10 top concepts schools should keep in mind when designing outdoor classrooms

The Los Angeles County Office of Education is sharing free design guidelines for outdoor learning spaces

Outdoor learning is magical. Moving beyond the four walls of a classroom is an activity students will look forward to for weeks. Connecting with natural phenomena can make stepping outside the most memorable experience of a student’s time in school.

But these are not the only reasons behind districts’ surging interest in building outdoor classrooms and learning spaces. For example, outdoor learning will be a key tool in helping kids recover from the disruptions of COVID, says Shaun MacDonald Hawke, an Outdoor and Marine Science Field Study project director for the Los Angeles County Office of Education.

“It’s a transformative experience, and kids need that right now in an enormous way,” Hawke says. “There’s been a lot of damage to kids socially.”

And during the COVID-era, countless studies have shown the virus is far less contagious outdoors.

The Los Angeles County Office of Education is working with some of its 80 districts to design robust outdoor learning spaces. The agency will use some of its ESSER COVID relief funding to support the effort.

“We know that a student can learn pretty much anywhere,” says Jema Estrella, the Los Angeles County Office of Education’s director of facilities. “In today’s classrooms, certain elements have to be there to support an educational experience that can be very basic to something a lot more sophisticated.”

Here are several other academic concepts to consider when building or redesigning an outdoor classroom:

1. Equitable access to nature. Students in urban environments often have less access to parks or nature, a gap that can be narrowed by outdoor learning spaces at school, Estrella says.

“In some communities, they have to walk or drive many blocks to access even just a park,” Estrella says. “In situations like that, an outdoor learning environment—an environment that is different than the four walls of the classroom—can positively impact not only the students but also the teachers.”

2. Kids can get distracted … in a good way. Outdoors, students encounter an abundance of phenomena, from the sound of birds calling to traffic noise. When these phenomena spark students’ interests teachers can learn to pivot their lessons rather than letting the class veer off-course, Hawke says. “Kids will get excited by and interested in real things,” she says.

Both teachers and students will learn to adapt to and capitalize on changing outdoor conditions and make that part of the intellectual exploration, Estrella adds.

“It can help them discover the love of learning in themselves,” she says. “Being immersed in the natural environment with all the activity happening around you is similar to what happens in life.”

3. What about the hardware? Furniture that’s movable and flexible is essential for outdoor learning spaces because it allows teachers to shift from large to smaller group learning. This includes flexible seating and movable whiteboards and other writing surfaces.

Outdoor classrooms also need shaded areas for extreme heat, rain or other inclement weather, Estrella says.

And just like indoor classrooms, outdoor spaces need reliable internet access as well as plenty of power and charging sources.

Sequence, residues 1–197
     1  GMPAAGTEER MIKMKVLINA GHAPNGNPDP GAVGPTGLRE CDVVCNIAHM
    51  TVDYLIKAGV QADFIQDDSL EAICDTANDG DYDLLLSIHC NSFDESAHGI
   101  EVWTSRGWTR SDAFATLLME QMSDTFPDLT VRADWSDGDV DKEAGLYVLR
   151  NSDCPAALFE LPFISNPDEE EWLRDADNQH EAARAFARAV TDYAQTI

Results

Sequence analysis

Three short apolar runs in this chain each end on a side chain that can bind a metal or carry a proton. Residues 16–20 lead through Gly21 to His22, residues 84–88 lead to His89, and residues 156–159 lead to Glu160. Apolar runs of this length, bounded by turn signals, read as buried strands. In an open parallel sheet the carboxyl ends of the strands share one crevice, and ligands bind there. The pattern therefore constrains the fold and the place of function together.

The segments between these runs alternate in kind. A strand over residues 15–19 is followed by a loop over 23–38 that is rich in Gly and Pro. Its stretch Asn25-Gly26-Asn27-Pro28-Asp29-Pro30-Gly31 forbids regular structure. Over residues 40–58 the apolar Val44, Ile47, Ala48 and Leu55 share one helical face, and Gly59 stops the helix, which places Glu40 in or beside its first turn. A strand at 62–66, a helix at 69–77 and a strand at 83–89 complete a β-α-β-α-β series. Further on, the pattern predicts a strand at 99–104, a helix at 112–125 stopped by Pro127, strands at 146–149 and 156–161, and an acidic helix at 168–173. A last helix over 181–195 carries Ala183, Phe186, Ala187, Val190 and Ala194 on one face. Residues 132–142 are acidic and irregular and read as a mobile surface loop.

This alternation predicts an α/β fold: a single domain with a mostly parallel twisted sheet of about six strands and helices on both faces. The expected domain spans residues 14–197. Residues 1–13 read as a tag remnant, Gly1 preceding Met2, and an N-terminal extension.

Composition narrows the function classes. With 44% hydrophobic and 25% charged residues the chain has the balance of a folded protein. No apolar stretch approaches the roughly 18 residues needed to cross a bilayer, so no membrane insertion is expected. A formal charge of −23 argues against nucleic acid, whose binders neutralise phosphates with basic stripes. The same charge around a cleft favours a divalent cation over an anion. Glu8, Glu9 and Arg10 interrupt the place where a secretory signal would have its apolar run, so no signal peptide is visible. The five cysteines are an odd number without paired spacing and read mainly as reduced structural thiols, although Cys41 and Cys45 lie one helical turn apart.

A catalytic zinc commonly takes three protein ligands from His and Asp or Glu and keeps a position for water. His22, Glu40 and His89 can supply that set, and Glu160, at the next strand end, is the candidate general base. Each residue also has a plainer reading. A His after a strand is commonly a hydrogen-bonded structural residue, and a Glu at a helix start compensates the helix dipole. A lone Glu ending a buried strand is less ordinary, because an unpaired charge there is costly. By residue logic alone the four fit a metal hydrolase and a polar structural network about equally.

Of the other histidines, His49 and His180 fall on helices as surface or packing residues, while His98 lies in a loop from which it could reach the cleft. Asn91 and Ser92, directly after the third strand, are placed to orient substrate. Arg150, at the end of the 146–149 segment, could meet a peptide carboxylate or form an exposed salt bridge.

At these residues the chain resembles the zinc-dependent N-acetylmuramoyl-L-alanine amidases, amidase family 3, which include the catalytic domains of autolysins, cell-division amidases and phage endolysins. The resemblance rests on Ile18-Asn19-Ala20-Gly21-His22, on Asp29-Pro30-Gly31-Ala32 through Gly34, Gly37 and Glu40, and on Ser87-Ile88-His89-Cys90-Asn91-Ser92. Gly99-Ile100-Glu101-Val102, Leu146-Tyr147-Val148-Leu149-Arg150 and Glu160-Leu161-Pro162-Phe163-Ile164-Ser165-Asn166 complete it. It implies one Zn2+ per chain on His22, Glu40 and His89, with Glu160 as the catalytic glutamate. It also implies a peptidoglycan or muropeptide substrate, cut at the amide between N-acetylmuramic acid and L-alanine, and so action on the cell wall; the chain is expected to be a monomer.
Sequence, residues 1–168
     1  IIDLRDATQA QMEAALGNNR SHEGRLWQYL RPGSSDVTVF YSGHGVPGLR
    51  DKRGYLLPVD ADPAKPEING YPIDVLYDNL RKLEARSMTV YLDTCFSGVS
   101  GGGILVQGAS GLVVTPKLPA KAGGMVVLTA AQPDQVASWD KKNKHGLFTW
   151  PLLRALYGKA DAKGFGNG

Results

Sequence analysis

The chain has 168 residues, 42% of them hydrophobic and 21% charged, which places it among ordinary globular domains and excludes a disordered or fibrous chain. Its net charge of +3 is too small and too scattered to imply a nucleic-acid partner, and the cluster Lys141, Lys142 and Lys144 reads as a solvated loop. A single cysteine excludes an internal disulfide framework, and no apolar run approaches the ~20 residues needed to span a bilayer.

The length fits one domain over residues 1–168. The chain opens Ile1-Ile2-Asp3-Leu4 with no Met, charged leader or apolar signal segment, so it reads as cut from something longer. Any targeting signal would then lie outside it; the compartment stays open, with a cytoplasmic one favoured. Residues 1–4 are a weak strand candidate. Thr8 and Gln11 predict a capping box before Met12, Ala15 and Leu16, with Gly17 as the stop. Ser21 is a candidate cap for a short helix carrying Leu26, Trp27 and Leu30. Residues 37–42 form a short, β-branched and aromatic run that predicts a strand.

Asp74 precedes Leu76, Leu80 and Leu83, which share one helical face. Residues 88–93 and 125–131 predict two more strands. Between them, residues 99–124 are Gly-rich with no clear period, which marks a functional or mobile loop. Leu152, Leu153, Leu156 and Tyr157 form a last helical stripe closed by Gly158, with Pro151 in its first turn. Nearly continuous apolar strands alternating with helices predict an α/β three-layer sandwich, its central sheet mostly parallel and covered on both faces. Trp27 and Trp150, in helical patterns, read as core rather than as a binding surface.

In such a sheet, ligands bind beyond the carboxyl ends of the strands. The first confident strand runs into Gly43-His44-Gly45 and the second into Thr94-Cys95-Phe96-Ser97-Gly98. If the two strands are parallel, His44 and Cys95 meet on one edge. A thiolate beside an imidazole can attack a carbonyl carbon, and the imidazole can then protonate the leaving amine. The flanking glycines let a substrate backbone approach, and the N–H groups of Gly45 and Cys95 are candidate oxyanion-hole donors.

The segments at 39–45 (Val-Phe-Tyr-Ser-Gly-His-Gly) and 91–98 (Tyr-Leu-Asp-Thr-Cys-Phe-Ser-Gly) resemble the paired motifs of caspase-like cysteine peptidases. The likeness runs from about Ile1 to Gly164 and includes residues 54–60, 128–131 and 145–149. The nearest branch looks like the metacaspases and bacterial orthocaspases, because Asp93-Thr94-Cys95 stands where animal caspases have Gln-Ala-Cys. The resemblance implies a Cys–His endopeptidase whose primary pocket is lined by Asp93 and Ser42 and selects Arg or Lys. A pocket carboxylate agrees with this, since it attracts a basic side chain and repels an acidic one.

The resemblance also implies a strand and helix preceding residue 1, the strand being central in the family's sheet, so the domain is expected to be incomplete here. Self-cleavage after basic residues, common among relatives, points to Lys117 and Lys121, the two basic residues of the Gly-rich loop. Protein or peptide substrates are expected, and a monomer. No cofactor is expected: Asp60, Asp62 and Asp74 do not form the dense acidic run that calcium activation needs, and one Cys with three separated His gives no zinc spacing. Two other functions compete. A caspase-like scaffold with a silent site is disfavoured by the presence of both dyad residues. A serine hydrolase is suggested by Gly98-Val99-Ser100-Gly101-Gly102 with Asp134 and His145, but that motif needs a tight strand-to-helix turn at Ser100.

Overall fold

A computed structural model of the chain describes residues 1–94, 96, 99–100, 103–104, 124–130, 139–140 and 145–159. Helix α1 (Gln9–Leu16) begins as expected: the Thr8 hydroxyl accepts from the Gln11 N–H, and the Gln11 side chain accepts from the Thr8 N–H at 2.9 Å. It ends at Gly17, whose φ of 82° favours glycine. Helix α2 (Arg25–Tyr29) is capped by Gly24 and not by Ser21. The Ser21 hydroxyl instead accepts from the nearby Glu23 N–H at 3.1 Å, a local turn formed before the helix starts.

Where to find free design guidelines

The Los Angeles County Office of Education has shared design guidelines for outdoor learning, which were developed with help from a partner architectural firm.

The design process should start with teachers and other educators planning for what they will teach outdoors and how they will use the space, says Virginia Marquardt, principal in charge of HMC Architects’ Los Angeles PreK-12 studio.

“A lot of time teachers think four walls help to control positive behavior,” she says. “It has nothing to do with four walls. It has to do with how you manage a class and engage students.”

That’s why professional development in outdoor instruction is crucial to help teachers shift a lesson when, for instance, students’ attention is drawn to ants or other insects crawling through the space. Teachers can learn to include that natural phenomenon in their discussions.

Here are some more keys to designing outdoor classrooms:

  • Identify outdoor learning environment goals and objectives and how they align with your school’s mission.
  • Several factors will help define the layout of the space, including the required student capacity, its location of the spaces on campus and the learning styles it will accommodate.
  • Kick off the design process with a presentation of inspiring images that will generate feedback from teachers, school staff, community members and other stakeholders.
  • Create a video for teachers to share with their students that describes how outdoor learning environments can enhance their learning experience.
  • The school community must decide its level of tolerance for varying weather and environmental conditions and how the outdoor learning environment will be protected.
  • Teachers also need to be physically comfortable in the outdoor environment. For instance, while wearing sunglasses may not be desirable because they hide a teacher’s eyes, the teacher can choose to wear a hat to provide shade.
  • Involve custodians and other facilities staff to get input on how they will maintain an outdoor classroom, Marquardt says.
Matt Zalaznick
Matt Zalaznick
Matt Zalaznick is a life-long journalist. Prior to writing for District Administration he worked in daily news all over the country, from the NYC suburbs to the Rocky Mountains, Silicon Valley and the U.S. Virgin Islands. He's also in a band.

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